Susan’s Annapolis Tour
Self guided tour
The Annapolis City Dock is part of a bustling waterfront area that became known as the "historic heart of Annapolis" following the designation of downtown Annapolis as a National Historic District in 1965. Established as early as 1634, by the end of the seventeenth century it served as an important port within the Chesapeake Bay region for commercial shipping and trade. The wharf area expanded in conjunction with the growth of industry in the eighteenth century, followed by rapid urban industrialization in the nineteenth century particularly at the end of the Civil War. This pattern of growth and expansion continued into the first decades of the twentieth century, and Annapolis City Dock still remains part of an essential commercial area today. With quaint shops and restaurants lining the waterfront, it is also a popular tourist destination.
Built in the early 1760s, the William Paca house was home to the third governor of Maryland. William Paca was one of four Maryland colonists who signed the Declaration of Independence. The Historic Annapolis Foundation restored the mansion in the 1960s and offers guided tours of the home and its garden. Visitors to the house can view historic artwork and furnishings, and enjoy a number of interpretive exhibits that offer a rare glimpse into the late colonial period and early statehood.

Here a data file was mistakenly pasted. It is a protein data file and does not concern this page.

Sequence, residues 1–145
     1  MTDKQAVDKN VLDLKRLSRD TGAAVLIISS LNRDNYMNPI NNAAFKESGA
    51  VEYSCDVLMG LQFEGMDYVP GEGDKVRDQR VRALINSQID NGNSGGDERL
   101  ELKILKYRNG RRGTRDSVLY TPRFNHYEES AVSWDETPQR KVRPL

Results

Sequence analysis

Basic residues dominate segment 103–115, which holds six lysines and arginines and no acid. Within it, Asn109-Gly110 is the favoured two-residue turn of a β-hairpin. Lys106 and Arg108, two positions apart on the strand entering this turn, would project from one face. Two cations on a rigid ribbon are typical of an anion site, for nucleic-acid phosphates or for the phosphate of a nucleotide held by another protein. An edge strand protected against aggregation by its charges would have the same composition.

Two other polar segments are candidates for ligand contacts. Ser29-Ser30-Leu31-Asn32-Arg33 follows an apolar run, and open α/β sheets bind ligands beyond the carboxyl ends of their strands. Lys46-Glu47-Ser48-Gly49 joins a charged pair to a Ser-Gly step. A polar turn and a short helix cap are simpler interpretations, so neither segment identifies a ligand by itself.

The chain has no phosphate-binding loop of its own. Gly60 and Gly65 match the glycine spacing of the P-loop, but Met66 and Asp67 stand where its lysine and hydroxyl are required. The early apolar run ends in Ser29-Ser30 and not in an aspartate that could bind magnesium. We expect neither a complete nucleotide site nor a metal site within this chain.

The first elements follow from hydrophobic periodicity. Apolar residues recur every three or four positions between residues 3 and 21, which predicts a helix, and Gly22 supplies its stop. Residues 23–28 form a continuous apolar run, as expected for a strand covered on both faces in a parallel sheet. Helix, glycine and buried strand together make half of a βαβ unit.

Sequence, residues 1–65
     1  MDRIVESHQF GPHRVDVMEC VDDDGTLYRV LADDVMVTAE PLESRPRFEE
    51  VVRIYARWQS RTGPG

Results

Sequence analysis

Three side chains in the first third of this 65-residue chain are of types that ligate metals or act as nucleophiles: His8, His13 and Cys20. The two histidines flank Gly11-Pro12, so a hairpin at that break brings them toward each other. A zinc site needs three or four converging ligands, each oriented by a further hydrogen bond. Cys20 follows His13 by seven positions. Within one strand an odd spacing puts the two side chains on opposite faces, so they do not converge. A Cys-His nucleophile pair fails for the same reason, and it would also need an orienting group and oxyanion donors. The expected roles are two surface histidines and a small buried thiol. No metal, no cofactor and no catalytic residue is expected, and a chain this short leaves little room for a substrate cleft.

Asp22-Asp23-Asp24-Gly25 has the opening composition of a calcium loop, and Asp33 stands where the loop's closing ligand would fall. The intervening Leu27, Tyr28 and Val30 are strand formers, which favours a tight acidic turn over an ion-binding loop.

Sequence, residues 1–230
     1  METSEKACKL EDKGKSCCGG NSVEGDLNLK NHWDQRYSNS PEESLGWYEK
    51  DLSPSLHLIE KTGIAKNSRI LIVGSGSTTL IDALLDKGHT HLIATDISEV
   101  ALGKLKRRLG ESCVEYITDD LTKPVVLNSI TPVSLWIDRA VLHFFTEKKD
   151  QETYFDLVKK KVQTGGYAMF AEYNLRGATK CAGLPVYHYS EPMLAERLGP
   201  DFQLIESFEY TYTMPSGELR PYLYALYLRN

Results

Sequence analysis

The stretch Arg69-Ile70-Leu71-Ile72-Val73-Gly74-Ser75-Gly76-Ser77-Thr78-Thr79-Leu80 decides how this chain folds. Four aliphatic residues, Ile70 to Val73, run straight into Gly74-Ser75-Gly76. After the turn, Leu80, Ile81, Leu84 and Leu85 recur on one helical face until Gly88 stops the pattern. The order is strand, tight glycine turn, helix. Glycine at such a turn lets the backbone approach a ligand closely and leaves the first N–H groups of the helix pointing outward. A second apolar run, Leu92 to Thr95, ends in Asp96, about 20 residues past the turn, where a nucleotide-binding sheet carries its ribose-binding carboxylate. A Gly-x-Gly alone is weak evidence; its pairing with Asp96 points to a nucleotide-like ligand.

The Maryland State House is located in Annapolis and is the oldest state capitol in continuous legislative use, dating to 1779. The State House was designed by Joseph Horatio Anderson, and construction began in 1772, however, it was delayed due to the American Revolution. The cupola on top of the building was constructed in replacement for the earlier one in 1794. After the American Revolution, Annapolis was the first peacetime Capitol of the United States. The Continental Congress met in the Old Senate Chamber from November 26, 1783, to August 13, 1784. On January 14, 1784, the 1783 Treaty of Paris was ratified in Annapolis, bringing an official end to the Revolutionary War. A 1902-1905 addition by Baldwin and Pennington added new chambers for the Senate and House of Delegates.
Three-story brick Georgian mansion dating from 1769-1774. ts construction was started for Samuel Chase, who would later be a signatory to the Declaration of Independence and Associate Justice of the Supreme Court. However, later, Chase would sale the building unfinished to Edward Lloyd IV in 1771.
This museum dates back to 1845 and is operated by the U.S Naval Academy to preserve and share the history of the Academy with the public. The museum includes exhibits on three levels that guide visitors through a chronological tour of the Academy's history. These exhibits also include special thematic displays that explore topics that reflect the larger history of the US Navy and important themes in American history. In addition to these exhibits, the Naval Academy Museum maintains models of historic vessels and displays dedicated to various deployments and wars.